Just like his last visit, Biden was whisked away to a fundraiser hosted by a big-tech titan, this time Microsoft president and vice chair Brad Smith.

Today I learned: Seattle presidential visits can be sad.

No, I wasn’t born yesterday, and of course I expected Joe Biden to walk immediately into the waiting arms of big-tech donors upon arrival. He did the same the last time he found himself here, in late 2019, just before all hell broke loose.

But the political establishment’s East Coast residency is never more depressingly clear than when a president pays us the honor of a brief and unremarkable visit to our corner of the country. Or, as Biden affectionately referred to it on Friday, “out here” and “Silicon Valley.”

Seattle media thoroughly hyped Biden’s fly-in from Portland—no Amtrak, Joe?—for Earth Day, with The Seattle Times giving it the rolling update treatment. No one was expecting Biden to hit up the Crescent Lounge Dua Lipa–style, but would it have hurt to take a detour or two from the podium, or at least stick around a while, like presidential stopovers of yore?

Instead, from nearly the moment Air Force One touched down at Sea-Tac Thursday evening, Biden’s visit stayed monotonously on-script. As he descended the stairs of Air Force One, a storm cloud hovered overhead. Then it started pouring like movie directors think it pours in Seattle. “Perfect,” a reporter muttered before going live outside the Westin downtown, where people lined barricades before losing interest in glimpsing whether the president would tip the bellhop.

The area, just outside Seattle Met’s offices, was noticeably tidier on Thursday, leading to more discourse about downtown. On adjacent streets, traffic very predictably snarled.

Meanwhile, 46’s motorcade took a cruise through the Arboretum. The president attended a political fundraiser in the vicinity hosted by Microsoft statesman Brad Smith at the home of another Microsoftie, Mary Snapp, on the Lake Washington waterfront. There Biden gave a midterms rah-rah, touting infrastructure projects and denouncing a Republican anti-LGBTQ bill before calling it a night.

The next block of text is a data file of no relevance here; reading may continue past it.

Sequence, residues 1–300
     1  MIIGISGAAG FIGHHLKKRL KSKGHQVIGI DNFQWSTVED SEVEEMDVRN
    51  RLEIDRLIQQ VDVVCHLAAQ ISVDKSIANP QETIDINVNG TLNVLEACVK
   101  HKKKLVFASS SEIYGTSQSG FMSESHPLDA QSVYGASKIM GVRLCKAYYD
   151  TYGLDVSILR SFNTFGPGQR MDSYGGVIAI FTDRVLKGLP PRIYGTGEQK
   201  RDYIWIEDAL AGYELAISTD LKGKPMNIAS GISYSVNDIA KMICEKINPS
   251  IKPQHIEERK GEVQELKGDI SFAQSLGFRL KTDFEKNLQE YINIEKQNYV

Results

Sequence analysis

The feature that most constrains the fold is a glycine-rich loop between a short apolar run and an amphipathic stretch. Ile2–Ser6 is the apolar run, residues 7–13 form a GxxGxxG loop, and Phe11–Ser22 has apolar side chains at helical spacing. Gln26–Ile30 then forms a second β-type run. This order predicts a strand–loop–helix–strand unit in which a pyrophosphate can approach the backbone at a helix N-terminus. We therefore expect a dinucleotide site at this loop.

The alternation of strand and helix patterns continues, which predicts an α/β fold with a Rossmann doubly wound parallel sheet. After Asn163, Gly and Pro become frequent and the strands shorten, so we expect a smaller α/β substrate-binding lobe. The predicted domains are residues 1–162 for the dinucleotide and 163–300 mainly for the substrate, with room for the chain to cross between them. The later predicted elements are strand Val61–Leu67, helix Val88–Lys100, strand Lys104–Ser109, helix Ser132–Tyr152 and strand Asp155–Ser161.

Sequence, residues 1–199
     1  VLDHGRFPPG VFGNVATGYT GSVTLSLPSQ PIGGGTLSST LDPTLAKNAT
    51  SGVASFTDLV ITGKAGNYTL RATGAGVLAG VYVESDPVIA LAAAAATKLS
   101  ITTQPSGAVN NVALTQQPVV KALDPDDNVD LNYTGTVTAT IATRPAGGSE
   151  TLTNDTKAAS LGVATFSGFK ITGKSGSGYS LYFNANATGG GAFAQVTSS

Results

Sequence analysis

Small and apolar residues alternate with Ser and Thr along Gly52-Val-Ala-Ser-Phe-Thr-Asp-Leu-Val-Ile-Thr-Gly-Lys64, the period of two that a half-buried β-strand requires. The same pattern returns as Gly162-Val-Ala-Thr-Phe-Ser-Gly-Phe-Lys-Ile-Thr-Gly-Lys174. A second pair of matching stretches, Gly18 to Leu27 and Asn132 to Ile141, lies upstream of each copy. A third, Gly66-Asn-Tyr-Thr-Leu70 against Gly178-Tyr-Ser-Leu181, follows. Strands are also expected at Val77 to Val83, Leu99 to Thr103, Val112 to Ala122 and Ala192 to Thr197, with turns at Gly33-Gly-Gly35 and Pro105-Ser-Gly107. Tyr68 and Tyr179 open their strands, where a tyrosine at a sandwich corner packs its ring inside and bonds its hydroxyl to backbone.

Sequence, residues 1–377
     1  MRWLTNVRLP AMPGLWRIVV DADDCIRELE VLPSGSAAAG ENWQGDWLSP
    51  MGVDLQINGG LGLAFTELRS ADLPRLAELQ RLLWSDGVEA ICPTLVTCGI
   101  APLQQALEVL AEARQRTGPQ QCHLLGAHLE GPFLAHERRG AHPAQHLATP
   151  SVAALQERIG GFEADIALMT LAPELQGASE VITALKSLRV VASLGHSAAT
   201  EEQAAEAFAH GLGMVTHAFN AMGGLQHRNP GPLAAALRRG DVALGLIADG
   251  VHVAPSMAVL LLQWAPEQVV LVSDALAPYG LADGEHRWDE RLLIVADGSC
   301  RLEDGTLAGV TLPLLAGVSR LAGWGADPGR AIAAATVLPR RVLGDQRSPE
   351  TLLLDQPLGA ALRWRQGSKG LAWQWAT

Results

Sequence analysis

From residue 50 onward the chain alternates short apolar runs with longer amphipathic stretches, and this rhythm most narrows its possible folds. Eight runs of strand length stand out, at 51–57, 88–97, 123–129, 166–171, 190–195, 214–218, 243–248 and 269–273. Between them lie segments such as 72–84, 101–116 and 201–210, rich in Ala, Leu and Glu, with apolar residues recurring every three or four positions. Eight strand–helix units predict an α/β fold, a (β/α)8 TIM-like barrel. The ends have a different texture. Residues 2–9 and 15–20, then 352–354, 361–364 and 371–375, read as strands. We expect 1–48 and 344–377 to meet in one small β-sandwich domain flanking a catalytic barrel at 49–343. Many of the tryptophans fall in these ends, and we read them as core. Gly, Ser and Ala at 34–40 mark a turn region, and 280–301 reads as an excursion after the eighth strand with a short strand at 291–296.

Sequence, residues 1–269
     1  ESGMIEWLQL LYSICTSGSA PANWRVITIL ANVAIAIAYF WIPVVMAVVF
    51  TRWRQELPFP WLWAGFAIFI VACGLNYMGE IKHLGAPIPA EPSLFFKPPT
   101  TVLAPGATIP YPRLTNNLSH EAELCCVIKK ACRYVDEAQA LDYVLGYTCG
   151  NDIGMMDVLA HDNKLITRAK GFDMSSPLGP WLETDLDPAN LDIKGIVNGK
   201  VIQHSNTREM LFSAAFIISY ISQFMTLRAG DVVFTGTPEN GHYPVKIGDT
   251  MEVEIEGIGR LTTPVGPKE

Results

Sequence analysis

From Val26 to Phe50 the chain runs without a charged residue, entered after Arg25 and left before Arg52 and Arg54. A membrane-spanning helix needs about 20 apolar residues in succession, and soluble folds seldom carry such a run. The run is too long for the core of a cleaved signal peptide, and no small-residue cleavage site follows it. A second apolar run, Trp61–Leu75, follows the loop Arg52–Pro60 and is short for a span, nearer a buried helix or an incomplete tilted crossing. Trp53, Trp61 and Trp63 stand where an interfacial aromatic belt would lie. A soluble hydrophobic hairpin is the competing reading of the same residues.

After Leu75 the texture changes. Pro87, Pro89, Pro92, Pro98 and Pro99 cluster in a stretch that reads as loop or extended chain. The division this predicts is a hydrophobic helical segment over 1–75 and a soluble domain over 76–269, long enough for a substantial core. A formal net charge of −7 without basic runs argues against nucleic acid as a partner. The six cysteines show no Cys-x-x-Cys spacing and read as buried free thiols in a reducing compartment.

The morning was even less interesting. No speech from a balcony. No Top Pot Doughnuts pickup. Not even a salmon toss. A late arrival at Seward Park for an Earth Day–themed address offered a fleeting moment of titillation—and some “where’s Dad?” despair from our local Democratic delegation—before the president launched into familiar talking points (energized youth, Scranton, “Mr. Amtrak”) and some geographical faux pas (“up in Colorado,” the aforementioned Silicon Valley facepalm).

Eventually, he got down to the business of signing an executive order to protect old-growth forests at a desk plunked down on the asphalt of a park access road. He let mayor Bruce Harrell hold his pen afterward.

Next it was on to Green River College in Auburn. Biden praised senator Patty Murray, who’s up for reelection this fall, and governor Jay Inslee, whom he called the “the environmental governor of the nation,” before delving into the distressing nitty-gritty of exorbitant prescription drug costs. His voice rose markedly when talking about parents who can’t afford insurance to cover their family’s needs. “How do you look at your child?” Biden said, slamming a fist.

It was perhaps the one memorable moment from an otherwise forgettable trip. By 5pm on Friday (after a lengthy security delay), the president was back in the air, seen only by a select few during his less than 24 hours in Washington state.

He could’ve at least made plans for a return trip. If he spent more time here, he’d know you can always cancel them later.

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